April 5, 2018 Reading Time: 3 minutes
south africa soweto
The Soweto slum in Johannesburg, a scenario of deadly, violent repression during the apartheid regime. (Wikimedia)

Is South Africa taking the first steps in becoming a basket case? In a troubling move, the South African National Assembly recently voted 241-83 to move forward a proposal to amend the constitution and allow for land expropriation without compensation.

The socialist-leaning African National Congress (ANC) and the (ironically named) Economic Freedom Fighters (EFF) parties are spearheading the initiative, claiming it will help address racial disparities that have supposedly lingered since the end of apartheid in 1994. Though not officially finalized, such an amendment to South Africa’s constitution could open the floodgates to massive property-rights violations and put the country on the sure path to economic decline.

South Africa increased its degree of economic freedom fresh off ending Apartheid, but since the 2000s the country has embarked on a more interventionist path, generating stagnation and increased unrest. Land expropriation would be the final straw that breaks the camel’s back, potentially setting off a complete collapse of the economy. 

A Neighborly Warning

Such a move to expropriate lands without compensation is not unprecedented in Sub-Saharan Africa. One needn’t look farther than South Africa’s northern neighbor Zimbabwe to see what happens when a government encroaches upon private property. 

Since independence in 1980, Zimbabwe has gone through a grueling decline that turned one of the region’s most promising countries into a complete basket case within a decade. The recently deposed Zimbabwean dictator Robert Mugabe initiated this meltdown by arbitrarily seizing white farms in 2000 to fix perceived injustices from the colonial era.

Chaos arrived in no time. Reports from the Commercial Farmers’ Union indicate that agricultural production plummeted by $12 billion from 2000 to 2009.

But the economic train wreck did not stop there. Like most Third-World countries that go on spending binges, Zimbabwean officials politicized the central bank and turned it into Mugabe’s personal printing press. Unsurprisingly, hyperinflation ensued, and Zimbabwe had to resort to dollarization after destroying the local currency.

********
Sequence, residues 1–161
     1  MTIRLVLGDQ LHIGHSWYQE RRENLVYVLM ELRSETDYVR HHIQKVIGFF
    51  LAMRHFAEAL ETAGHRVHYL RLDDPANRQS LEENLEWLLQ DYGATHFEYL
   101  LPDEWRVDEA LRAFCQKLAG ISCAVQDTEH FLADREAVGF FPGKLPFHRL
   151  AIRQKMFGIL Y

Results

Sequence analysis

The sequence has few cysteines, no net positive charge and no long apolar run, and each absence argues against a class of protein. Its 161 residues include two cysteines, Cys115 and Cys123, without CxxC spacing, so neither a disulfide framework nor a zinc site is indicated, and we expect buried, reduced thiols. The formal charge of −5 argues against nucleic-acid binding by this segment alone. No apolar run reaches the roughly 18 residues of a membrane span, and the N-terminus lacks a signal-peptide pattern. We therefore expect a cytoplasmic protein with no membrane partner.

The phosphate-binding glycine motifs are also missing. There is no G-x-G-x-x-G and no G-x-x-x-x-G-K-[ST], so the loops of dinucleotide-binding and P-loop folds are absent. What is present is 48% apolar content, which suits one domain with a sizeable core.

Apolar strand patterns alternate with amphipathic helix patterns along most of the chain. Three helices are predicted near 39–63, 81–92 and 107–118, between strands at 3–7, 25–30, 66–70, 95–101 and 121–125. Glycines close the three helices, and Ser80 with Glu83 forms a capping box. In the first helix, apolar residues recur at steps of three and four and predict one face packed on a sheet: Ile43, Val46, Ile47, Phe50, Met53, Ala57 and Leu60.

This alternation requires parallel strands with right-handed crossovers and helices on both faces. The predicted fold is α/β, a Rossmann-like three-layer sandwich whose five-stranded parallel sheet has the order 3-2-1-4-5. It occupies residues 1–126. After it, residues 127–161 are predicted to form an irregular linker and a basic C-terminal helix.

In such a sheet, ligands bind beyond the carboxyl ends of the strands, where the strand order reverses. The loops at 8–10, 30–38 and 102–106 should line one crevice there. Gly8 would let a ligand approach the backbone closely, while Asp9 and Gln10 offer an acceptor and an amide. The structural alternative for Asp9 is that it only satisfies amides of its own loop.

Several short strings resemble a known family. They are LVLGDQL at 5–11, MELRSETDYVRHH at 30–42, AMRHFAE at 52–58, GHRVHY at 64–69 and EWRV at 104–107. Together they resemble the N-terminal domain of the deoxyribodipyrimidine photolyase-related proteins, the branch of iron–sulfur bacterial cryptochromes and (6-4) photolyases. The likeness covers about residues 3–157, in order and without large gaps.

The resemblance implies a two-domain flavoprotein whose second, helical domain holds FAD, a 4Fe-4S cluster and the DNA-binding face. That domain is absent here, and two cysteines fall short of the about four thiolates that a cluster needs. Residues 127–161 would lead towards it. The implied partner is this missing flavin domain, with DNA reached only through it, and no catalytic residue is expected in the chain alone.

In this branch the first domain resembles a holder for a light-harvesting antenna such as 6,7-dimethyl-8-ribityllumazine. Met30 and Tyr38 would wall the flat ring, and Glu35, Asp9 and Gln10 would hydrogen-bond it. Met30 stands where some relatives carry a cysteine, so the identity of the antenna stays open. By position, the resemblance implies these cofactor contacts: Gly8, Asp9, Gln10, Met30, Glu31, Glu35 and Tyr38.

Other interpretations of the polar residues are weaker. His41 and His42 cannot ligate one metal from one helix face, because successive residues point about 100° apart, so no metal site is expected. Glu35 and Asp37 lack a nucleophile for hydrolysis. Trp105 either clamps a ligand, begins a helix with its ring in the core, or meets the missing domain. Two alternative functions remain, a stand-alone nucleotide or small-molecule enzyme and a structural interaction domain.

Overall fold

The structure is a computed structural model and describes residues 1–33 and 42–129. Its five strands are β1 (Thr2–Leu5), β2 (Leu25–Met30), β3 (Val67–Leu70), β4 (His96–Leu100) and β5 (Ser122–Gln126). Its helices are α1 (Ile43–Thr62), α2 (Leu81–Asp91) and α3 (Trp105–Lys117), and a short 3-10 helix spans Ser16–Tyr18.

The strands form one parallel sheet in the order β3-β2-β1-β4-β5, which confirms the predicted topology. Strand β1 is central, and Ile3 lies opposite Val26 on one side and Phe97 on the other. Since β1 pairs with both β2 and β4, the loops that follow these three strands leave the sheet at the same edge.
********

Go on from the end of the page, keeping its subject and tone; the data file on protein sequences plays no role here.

With an economy completely in shambles, millions of Zimbabweans have left the country in search of better opportunities. Now that Mugabe is out of the picture after a recent military coup, time will tell if Zimbabwe opts for more market-oriented policies.

The Rational Alternative in Botswana

South Africans still can turn things around if they follow in the footsteps of their neighbor Botswana and use the free market as an engine for economic growth.

At the start of the 1960s, Botswana was one of Africa’s poorest countries, but that did not deter her from pursuing bold economic policies. Instead of playing the victim and turning to policies of vengeance, Botswana looked ahead and channeled the harmonious power of the market by upholding the rule of law, protecting property rights, and not relying on foreign aid.

Taking the road less traveled, Botswana harnessed her comparative advantage, diamond production, to become one of the fastest-growing economies in the world and arguably the most stable country in the entire continent.

South Africa’s Once-Free-Market Past

Curiously, the book Why Nations Fail demonstrates how the territory that would later become present-day South Africa enjoyed a respectable level of prosperity during the late 19th century.

Unlike the rest of the continent, South Africa was able to avoid the ill effects of slavery. Once Europeans of British and Dutch descent settled down, they adopted new technologies such as the plow and institutions like property rights.

In the brief time period that native tribes like the Xhosa embraced these practices, they were able to break free of traditional tribal hierarchies and enjoy significant levels of economic prosperity when compared to the rest of their African peers.

Sadly, the Boers (settlers of Dutch descent) turned to the heavy hand of the state to implement the exclusionary policy of Apartheid from 1948 to 1994. Once it was abolished, South Africa prospered for a brief period, but since the mid-2000s, the country has gone the wrong path by not keeping government spending and taxation in check.

South Africa is now at a critical juncture. Expropriation with a racial twist it will only revive the spirit of apartheid, but this time in reverse. Institutionalized racism, whether it be blacks against whites or whites against blacks, should remain in the dustbin of history. If South Africa wants to move forward as a society, she must adopt economic policies based on individual freedom instead.

José Niño

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